The distinction is significant because for sovereign currency issuers public debt is not financially problematic, although clearly it can be a political issue. A government that is a sovereign currency issuer can set interest rates on its own liabilities as a matter of policy. All that matters for such a government, at a macro level, is the inflationary implications of whatever spending it undertakes and interest obligations it incurs. There is no need – other than politically – for the currency issuer to match its spending with borrowing. It could simply spend and allow reserves to mount in the banking system, earning (if the government so determined) zero or low interest. The situation is different in the EMU, where interest rates on sovereign debt are subject to market pressures.
An important implication is that sovereign currency issuers can initiate economic activity through spending that may – but need not – be in the interests of capitalists. If the activity does not add to profitability – for example, it might involve a budget-neutral provision of free goods and services – capitalists would no doubt oppose it, but they could not undermine such policies through an influence on interest rates on sovereign debt.
Whereas Kliman characterizes government demand expenditure as “artificial” – as if capitalism is somehow “natural” and anything other than private-sector activity “artificial” – I think it makes more sense, from a Marxist political perspective, to look to such measures as a means of undermining capitalism and bringing about a transition to a post-capitalist society. It seems to me that this is what would partly occur even in the event of revolution: a reassertion by society of its prerogative to determine the course of economic activity rather than being subservient to the dictates of profit and the logic of capital. But this is precisely the power at the disposal of a sovereign currency issuer. In the history of capitalism there have been numerous attempts to tie currency issuance more closely to the logic of capital – the gold standard, Bretton Woods, the EMU common currency – and they have all been unsustainable in varying degrees. My own view is that the recourse to flexible exchange-rate fiat currencies was actually a major concession on the part of those who wished to chain society to the dictates of capital. A key to greater economic democracy is in our grasp, and ultimately we can take it as far as we like.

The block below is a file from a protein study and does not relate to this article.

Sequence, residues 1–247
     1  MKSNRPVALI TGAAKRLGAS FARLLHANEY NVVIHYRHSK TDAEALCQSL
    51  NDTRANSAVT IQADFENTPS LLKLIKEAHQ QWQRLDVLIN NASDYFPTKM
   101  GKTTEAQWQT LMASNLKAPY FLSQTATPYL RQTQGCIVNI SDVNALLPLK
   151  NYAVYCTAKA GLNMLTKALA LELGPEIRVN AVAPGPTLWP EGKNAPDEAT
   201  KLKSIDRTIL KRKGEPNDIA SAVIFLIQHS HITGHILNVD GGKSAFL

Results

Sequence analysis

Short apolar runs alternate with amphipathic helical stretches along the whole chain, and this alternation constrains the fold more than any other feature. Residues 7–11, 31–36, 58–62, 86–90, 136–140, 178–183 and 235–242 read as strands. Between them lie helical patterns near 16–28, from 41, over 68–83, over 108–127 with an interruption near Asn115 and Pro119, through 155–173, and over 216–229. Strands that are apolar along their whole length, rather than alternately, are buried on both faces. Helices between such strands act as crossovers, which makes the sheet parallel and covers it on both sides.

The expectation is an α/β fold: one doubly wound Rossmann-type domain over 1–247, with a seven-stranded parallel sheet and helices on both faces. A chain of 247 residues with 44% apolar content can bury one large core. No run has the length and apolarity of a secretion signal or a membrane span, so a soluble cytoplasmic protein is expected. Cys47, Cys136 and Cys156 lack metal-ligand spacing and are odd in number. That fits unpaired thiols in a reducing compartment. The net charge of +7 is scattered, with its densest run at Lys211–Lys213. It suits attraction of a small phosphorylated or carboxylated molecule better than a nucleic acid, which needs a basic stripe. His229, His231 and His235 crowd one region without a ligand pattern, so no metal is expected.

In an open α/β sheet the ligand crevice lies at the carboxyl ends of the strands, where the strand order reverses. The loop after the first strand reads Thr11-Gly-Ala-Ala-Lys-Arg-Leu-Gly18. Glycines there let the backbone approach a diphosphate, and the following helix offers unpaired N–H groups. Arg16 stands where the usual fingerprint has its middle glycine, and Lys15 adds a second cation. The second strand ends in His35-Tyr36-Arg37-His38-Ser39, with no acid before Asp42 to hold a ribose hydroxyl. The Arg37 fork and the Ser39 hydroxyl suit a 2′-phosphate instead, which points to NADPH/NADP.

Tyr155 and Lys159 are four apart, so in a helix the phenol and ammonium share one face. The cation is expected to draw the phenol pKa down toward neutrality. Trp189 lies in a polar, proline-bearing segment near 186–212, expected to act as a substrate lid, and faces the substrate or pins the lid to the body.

I see policy proposals such as the basic income, or a job guarantee very broadly conceived to amount more or less to a participation income, in a similar light. I think that such policies would help to set in place a dynamic in which we can move away from the wage labor relation and the private ownership of the means of production to the extent we deem it appropriate. Under a common currency arrangement or gold standard, such policies are vulnerable to bond vigilantism, but this is not the case in a modern money system. In the latter, it becomes a question of who will apply the greatest democratic pressure on the elected government: the 1 per cent or the rest of us. Whether we demand socialism or managed capitalism, democratized money can be a mechanism to help bring it about.